Daniel and I don't normally endorse eating cake for breakfast, but we made an exception for a St. Louis specialty: gooey butter cake. Park Avenue Coffee serves about 80 varieties of this rich, flat coffee cake, along with delicious, locally roasted brews. $2.50 a slice; 314-621-4020.

Train Ride at Zoo

Toni McLellan

We purchased a box of gooey butter cake mix to take home, then set off to walk every inch of the sizable St. Louis Zoo, located in the green oasis of Forest Park. At the Emerson Children's Zoo, the kids could pet chinchillas, bunnies, and other friendly animals, but the highlight for train-loving Aaron was a ride on the Emerson Zoo Line Railroad. Sitting in back near the conductors earned the boys the privilege of calling "All aboard!" at each of the four stations. $10 for a multiple-attraction Safari Pass; 314-781-0900.

For lunch, we headed to the bustling Delmar Loop, a nearby neighborhood with a bohemian, college town vibe. Jackson was the one who spotted Cheese-ology, a specialty mac-and-cheese restaurant with a menu as appealing as its name. Each of us selected a cheese, a meat, and a vegetable to pair with our mac, and our orders arrived a few minutes later in steaming hot skillets. Kids' meals from $5.50, adult portions from $7; 314-863-6365,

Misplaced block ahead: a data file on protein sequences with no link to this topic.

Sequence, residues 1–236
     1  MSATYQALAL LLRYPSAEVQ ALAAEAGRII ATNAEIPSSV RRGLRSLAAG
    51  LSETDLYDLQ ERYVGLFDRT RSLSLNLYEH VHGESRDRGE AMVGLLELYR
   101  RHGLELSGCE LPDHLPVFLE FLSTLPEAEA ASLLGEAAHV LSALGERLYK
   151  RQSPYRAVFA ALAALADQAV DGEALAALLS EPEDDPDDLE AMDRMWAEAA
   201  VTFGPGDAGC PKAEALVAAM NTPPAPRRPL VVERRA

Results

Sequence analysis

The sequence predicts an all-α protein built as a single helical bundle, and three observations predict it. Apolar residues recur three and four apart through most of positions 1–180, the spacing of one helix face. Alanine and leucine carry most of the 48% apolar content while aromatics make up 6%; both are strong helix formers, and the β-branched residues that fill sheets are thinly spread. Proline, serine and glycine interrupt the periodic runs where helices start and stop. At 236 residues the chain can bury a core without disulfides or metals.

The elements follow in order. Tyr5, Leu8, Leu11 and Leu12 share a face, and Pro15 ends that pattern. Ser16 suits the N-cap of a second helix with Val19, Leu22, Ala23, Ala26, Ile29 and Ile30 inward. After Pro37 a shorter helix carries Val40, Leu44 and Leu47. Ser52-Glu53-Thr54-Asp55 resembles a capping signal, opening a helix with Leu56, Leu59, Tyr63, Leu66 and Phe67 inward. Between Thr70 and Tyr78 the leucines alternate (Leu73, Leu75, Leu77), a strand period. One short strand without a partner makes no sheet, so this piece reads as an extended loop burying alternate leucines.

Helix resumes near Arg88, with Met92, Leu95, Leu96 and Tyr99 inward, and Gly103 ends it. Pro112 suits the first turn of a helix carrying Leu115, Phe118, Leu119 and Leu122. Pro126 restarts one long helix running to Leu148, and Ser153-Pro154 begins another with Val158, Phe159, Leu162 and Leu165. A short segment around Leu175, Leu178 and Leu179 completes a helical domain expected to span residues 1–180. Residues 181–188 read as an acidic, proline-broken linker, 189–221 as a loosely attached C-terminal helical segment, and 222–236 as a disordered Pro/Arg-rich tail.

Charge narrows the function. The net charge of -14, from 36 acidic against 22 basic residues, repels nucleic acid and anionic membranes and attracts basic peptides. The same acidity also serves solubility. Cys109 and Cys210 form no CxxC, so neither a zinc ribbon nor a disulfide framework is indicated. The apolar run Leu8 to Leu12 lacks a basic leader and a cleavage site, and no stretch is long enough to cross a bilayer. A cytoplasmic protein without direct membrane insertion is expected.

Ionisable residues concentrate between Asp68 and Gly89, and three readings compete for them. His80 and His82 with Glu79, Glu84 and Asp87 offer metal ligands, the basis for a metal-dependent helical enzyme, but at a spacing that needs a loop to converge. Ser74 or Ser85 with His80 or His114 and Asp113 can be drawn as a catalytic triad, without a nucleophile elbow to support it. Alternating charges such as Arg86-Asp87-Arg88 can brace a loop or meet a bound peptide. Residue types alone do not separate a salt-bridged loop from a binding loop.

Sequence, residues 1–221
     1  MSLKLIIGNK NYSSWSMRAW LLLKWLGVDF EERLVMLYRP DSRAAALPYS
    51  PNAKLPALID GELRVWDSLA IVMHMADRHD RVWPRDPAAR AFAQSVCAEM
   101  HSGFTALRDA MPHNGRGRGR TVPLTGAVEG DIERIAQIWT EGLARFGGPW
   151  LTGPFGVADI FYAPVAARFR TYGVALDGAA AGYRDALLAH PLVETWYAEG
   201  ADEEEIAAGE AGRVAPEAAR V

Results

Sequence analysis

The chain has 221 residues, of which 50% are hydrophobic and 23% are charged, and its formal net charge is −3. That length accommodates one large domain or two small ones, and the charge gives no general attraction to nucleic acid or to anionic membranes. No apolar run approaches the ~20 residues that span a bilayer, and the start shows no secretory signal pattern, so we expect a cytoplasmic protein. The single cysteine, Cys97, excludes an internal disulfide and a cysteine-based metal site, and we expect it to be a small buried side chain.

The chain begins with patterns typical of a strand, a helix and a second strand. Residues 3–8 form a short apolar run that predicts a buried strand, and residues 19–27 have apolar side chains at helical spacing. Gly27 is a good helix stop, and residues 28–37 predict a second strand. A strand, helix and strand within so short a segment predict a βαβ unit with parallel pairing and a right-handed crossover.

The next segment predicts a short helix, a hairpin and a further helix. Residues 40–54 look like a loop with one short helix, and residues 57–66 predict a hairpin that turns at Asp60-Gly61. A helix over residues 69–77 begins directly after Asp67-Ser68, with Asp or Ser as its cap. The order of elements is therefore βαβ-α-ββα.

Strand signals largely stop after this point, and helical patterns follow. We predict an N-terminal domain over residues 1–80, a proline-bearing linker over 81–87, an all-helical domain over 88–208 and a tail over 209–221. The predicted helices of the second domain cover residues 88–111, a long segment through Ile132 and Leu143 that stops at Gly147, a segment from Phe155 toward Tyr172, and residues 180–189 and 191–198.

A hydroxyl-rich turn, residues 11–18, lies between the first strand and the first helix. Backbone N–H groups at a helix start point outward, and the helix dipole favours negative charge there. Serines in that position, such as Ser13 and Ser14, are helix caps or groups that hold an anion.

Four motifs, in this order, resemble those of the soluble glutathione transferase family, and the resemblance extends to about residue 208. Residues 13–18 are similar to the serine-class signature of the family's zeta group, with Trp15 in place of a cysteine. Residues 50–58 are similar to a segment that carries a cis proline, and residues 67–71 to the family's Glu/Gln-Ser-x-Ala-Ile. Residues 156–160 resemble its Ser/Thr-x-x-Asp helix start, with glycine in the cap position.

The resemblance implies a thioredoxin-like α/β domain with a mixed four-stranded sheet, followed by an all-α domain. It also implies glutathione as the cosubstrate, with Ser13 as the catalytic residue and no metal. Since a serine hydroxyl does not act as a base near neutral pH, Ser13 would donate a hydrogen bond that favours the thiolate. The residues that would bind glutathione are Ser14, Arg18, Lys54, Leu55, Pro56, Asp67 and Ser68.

Next, it was back to Forest Park to nerd it up at the St. Louis Science Center. This multilevel, hands-on science museum is a curious kid's paradise. Among the attractions: a giant robotic T. Rex, a flight simulator, a planetarium, an Omnimax theater, rotating special exhibits, and a great gift shop. Free general admission; special exhibits and shows $3 to $35; 314-289-4400.

We ended the day back in the Delmar Loop, at Fitz's American Grill. Fitz's Root Beer is popular locally, and the restaurant's four-scoop floats are a great accompaniment to comfort-food dinners like meat loaf and brisket. Kids can watch the bottling process through a huge window as they wait. Floats and kids' meals from $5, entr?es $8 to $10; 314-726-9555.

Day 3: A Magic House and a Classic St. Louis Treat

Our first stop on our final morning in St. Louis was Lafayette Fire Company No. 1, a bustling, casual restaurant run by local firefighters. There we filled up on authentic firehouse cuisine, including the yummy Brickhouse French Toast. Breakfast $7 to $10; 314-621-5001.